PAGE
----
Attic Decontamination: Bats leave behind a lot of feces (guano) when they inhabit a building. In most cases, there'll be mounds of bat droppings below popular roosting areas, and bat pellets scattered throughout the attic, and down the walls. The problem with the bat droppings is that they can grow mold which can cause lung diseases in humans. This is a biohazard risk, and so a building should be properly cleaned and decontaminated after all the bats have been removed. The droppings can also cause odor problems, so our cleaning technique not only kills all the mold spores and bacteria, but also eliminates the odor. We remove bulk bat guano and contaminated insulation, and light contamination by filter vacuum. We are able to remove the droppings from attics, walls, and anywhere it has accumulated. We use a special enzyme-based cleaner to fog the attic and wall voids, to kill all mold and pathogens, and kill the odor as well. Not only does the bat feces need to be addressed, but the urine that has soaked into wood, insulation, and other parts of the structure as well. attic cleanup info

We service the greater Phoenix area, and even the entire state of Arizona for larger bat exclusion projects. Some of the areas we commonly service include Scottsdale, Paradise Valley, Tempe, Glendale, Mesa, Gilbert, Chandler, Avondale, Sun City, Peoria, Surprise, Fountain Hills, and Sun Lakes.

Why do bats like to live in buildings? Just like you and me, bats like someone warm and dry to call their home. They are nocturnal creatures which means that you are more than likely going to notice them flying in and out of a building right around dusk and dawn. At dusk they start to leave their roosts, firstly to find water where they will take a drink, then to enjoy their meal which will usually consist of moths, beetles and other forms of flying insects. Once they have enjoyed their feast, they will usually head back to the roost to sleep it off. This will continue on throughout the night and then at dawn, they will find their beds and sleep for the day.

In the wild, animals need very few things. They need to keep themselves safe from predators. They need somewhere warm and dry to lay their head. They need food and water to survive and finally, they need to reproduce. And building will offer all of these things to a passing bat.

The building will give more than enough shelter for the bat to avoid any predators. This is, of course, going to appeal to any animal that’s just trying to stay alive in the big bad world. If it can fly into the rafters of a building, it can find instant shelter from anything that might be chasing it. This is vital when it comes to rearing their young too – they need to have them in a place that is sheltered so that predators do not get their mouth around one of the babies. In order to survive in the world, you have to reproduce as many young as you can and when you have somewhere warm and dry to raise them, there is no better place.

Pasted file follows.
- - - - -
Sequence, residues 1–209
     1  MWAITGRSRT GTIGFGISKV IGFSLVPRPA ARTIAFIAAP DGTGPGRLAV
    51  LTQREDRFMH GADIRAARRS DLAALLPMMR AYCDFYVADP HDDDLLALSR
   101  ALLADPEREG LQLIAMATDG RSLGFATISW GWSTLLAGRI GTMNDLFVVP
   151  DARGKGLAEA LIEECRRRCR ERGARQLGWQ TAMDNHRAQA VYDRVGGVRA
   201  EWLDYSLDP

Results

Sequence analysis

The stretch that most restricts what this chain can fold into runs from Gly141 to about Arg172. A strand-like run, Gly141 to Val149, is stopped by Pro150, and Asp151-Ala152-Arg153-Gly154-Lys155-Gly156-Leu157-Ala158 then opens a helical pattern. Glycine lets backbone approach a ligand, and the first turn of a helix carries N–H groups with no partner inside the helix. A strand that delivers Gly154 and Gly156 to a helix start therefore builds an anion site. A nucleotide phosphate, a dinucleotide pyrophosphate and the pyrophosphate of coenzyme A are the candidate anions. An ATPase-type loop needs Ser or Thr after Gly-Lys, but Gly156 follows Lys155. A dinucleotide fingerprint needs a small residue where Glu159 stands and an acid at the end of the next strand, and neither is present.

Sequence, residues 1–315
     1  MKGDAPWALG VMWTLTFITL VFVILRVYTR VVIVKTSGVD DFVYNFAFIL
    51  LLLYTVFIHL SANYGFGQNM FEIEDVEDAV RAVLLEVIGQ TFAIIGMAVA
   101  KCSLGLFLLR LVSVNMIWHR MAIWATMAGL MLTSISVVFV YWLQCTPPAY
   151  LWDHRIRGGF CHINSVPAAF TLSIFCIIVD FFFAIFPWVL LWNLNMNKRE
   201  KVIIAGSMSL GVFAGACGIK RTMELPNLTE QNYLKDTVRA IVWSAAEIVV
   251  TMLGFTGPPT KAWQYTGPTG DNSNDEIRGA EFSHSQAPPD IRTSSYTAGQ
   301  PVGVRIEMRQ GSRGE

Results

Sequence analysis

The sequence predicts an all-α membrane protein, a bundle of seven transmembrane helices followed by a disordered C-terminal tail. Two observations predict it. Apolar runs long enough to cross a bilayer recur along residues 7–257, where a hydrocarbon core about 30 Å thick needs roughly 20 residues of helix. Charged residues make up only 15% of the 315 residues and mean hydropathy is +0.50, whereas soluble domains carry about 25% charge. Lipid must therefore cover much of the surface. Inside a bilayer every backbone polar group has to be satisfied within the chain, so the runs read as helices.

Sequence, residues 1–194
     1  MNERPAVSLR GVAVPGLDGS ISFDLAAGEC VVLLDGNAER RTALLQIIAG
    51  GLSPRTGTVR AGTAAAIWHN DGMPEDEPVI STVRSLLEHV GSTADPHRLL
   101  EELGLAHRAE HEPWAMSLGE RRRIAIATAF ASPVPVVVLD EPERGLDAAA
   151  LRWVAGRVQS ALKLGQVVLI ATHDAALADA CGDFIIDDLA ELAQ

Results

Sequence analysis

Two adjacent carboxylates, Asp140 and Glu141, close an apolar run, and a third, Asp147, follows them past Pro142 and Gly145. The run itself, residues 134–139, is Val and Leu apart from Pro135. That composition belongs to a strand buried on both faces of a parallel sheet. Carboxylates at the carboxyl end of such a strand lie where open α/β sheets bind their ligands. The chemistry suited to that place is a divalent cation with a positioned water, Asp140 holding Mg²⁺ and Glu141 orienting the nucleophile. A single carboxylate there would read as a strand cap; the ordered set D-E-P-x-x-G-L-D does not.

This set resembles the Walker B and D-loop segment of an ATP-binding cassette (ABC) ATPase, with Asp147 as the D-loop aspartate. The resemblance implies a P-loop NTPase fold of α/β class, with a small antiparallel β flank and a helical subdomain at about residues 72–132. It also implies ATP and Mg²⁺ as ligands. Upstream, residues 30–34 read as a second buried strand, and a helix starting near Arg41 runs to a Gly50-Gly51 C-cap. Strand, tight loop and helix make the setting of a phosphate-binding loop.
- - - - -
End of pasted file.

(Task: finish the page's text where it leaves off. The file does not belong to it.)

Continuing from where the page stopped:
A bat will think of your building (or any building) with almost the same eyes that you do. You wouldn’t go for a house that was drafty, cold, with no doors or windows to keep out intruders, and filled with water often. Why would you expect a bat to make that decision over the comfort and warmth of your house? It just doesn’t make sense, does it?

The other thing that you need to remember is that there is likely to be food readily available near your building. Insects fly around everywhere, especially in the warmer months, and this is even more so if you live anywhere near a stretch of water, mostly due to flying bugs like mosquitoes. As well and shelter from the elements and other animals, you may also be providing the bats with a source of food.

When you see bats in a building, you will find that they are mostly female bats. Males lead a more solitary life, choosing to sleep along in trees whereas the women, (as in most species) love to gather together. They will also rear their young here so if your home is a good enough place to squeeze in a whole of bats quite comfortably; you may want to start thinking about bat-proofing. This is even more so the case if the tops of your home tend to get very warm. If your attic could double as a green house in the warmer months, there is a good chance that you already have bats – they tend to love these warmer temperatures and actually thrive within them.

Most home owners will find that the odd bat living in their attic don’t normally cause much of a concern, but when you have a whole colony full, things can start to get a little messy, as well as very noisy and probably rather annoying.